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© Aurelien Bayot
Confocal micrograph of HeLa cells visulazed by indirect immunocytochemistry for mitochondria in green with an Anti-TOMM40 antibody and nuclei in blue with Dapi.
Publication : Cardiovascular research

Lung ultrasound as a translational approach for non-invasive assessment of heart failure with reduced or preserved ejection fraction in mice

Scientific Fields
Diseases
Organisms
Applications
Technique

Published in Cardiovascular research - 01 Aug 2017

Villalba-Orero M, López-Olañeta MM, González-López E, Padrón-Barthe L, Gómez-Salinero JM, García-Prieto J, Wai T, García-Pavía P, Ibáñez B, Jiménez-Borreguero LJ, Lara-Pezzi E

Link to Pubmed [PMID] – 28472392

Cardiovasc. Res. 2017 Aug;113(10):1113-1123

Aims: Heart failure (HF) has become an epidemic and constitutes a major medical, social, and economic problem worldwide. Despite advances in medical treatment, HF prognosis remains poor. The development of efficient therapies is hampered by the lack of appropriate animal models in which HF can be reliably determined, particularly in mice. The development of HF in mice is often assumed based on the presence of cardiac dysfunction, but HF itself is seldom proved. Lung ultrasound (LUS) has become a helpful tool for lung congestion assessment in patients at all stages of HF. We aimed to apply this non-invasive imaging tool to evaluate HF in mouse models of both systolic and diastolic dysfunction.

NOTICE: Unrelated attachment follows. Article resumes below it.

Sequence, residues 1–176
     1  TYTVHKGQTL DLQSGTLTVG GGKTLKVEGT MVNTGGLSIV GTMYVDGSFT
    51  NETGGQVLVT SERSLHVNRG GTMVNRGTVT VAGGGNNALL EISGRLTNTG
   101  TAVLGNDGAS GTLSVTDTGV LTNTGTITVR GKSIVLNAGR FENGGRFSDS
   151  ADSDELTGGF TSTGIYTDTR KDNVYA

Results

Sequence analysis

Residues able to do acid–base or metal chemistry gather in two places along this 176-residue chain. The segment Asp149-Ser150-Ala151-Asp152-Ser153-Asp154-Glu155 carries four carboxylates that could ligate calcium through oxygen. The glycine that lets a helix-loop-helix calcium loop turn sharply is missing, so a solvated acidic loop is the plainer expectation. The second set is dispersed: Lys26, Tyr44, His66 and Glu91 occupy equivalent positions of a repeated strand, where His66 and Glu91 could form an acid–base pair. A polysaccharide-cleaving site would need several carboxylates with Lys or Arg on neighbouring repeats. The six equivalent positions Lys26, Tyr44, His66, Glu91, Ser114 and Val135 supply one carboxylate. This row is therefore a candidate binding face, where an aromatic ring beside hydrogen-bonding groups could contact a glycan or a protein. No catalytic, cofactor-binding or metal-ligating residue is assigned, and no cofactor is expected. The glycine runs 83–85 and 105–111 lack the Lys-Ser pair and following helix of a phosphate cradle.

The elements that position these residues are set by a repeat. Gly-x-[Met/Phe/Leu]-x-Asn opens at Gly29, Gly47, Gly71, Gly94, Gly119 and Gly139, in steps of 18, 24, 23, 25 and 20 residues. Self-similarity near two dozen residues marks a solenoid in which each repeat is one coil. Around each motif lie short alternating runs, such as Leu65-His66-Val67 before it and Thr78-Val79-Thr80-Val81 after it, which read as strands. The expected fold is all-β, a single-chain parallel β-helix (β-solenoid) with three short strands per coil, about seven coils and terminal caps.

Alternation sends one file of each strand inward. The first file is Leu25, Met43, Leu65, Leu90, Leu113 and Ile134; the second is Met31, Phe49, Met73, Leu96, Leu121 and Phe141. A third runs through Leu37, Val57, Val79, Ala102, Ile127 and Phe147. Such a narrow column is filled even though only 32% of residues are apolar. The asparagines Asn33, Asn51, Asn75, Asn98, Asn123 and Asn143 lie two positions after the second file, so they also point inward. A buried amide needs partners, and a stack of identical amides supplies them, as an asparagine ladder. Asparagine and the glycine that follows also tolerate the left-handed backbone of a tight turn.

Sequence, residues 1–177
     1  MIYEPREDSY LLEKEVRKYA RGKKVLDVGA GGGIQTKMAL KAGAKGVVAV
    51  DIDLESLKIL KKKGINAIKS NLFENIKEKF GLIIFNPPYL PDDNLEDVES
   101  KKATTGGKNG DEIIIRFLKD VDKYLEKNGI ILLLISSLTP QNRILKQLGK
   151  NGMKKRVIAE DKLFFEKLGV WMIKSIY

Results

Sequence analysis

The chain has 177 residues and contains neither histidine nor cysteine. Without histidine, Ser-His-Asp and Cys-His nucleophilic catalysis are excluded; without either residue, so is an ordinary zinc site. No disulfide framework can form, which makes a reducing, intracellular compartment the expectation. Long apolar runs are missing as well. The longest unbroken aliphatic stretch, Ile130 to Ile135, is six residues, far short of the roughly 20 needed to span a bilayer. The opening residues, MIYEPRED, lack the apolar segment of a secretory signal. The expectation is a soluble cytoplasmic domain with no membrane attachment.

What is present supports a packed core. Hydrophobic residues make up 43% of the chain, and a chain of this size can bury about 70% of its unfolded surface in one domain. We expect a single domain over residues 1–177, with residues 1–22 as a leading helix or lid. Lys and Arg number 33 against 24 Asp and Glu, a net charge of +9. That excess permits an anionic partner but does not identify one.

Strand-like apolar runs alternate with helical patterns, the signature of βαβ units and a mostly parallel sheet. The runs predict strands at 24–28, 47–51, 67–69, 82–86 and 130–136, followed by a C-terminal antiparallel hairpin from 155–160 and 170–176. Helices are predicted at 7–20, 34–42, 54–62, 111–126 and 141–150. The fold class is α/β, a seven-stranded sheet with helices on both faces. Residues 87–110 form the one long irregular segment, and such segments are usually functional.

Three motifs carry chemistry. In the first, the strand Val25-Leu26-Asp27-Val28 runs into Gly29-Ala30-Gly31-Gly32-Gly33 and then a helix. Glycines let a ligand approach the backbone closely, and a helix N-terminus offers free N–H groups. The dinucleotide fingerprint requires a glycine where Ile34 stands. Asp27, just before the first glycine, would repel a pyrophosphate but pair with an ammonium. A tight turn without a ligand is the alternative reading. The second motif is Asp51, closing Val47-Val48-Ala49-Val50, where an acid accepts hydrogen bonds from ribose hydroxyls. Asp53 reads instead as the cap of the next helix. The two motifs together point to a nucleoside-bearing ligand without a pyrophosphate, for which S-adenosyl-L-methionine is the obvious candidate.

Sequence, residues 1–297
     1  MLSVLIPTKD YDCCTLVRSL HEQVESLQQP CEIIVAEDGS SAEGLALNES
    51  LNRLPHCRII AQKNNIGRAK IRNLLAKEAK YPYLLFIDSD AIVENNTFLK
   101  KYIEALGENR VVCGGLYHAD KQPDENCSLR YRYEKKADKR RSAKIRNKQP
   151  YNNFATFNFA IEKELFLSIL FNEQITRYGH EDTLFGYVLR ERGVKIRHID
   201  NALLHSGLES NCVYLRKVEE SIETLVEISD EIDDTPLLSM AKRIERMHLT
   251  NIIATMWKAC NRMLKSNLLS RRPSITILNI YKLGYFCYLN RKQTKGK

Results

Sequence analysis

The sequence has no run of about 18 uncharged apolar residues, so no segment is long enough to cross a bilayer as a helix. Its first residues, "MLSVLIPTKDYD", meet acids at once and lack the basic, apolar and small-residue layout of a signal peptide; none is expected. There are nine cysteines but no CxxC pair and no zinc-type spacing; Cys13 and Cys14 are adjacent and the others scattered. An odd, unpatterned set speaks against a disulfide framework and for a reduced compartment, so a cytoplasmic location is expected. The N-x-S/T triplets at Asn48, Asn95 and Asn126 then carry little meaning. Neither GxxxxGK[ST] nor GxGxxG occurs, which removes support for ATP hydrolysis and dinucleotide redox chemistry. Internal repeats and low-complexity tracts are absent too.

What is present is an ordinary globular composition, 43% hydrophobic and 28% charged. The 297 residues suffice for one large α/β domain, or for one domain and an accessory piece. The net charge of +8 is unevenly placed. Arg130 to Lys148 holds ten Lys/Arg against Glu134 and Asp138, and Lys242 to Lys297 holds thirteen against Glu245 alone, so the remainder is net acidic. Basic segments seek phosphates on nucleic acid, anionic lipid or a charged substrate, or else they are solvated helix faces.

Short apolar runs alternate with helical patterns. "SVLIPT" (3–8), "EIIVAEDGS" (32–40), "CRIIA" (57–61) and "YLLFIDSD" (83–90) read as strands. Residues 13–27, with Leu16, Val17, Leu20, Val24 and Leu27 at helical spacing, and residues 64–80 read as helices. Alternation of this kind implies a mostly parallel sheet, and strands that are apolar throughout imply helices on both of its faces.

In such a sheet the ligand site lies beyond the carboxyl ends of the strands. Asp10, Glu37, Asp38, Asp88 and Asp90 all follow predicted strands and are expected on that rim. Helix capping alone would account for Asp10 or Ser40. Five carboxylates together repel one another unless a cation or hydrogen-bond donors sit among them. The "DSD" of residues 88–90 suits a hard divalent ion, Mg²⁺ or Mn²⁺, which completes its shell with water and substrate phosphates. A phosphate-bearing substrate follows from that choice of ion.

Methods and results: We used LUS to study HF in a mouse model of systolic dysfunction, dilated cardiomyopathy, and in a mouse model of diastolic dysfunction, diabetic cardiomyopathy. LUS proved to be a reliable and reproducible tool to detect pulmonary congestion in mice. The combination of LUS and echocardiography allowed discriminating those mice that develop HF from those that do not, even in the presence of evident cardiac dysfunction. The study showed that LUS can be used to identify the onset of HF decompensation and to evaluate the efficacy of therapies for this syndrome.

Conclusions: This novel approach in mouse models of cardiac disease enables for the first time to adequately diagnose HF non-invasively in mice with preserved or reduced ejection fraction, and will pave the way to a better understanding of HF and to the development of new therapeutic approaches.

https://www.ncbi.nlm.nih.gov/pubmed/28472392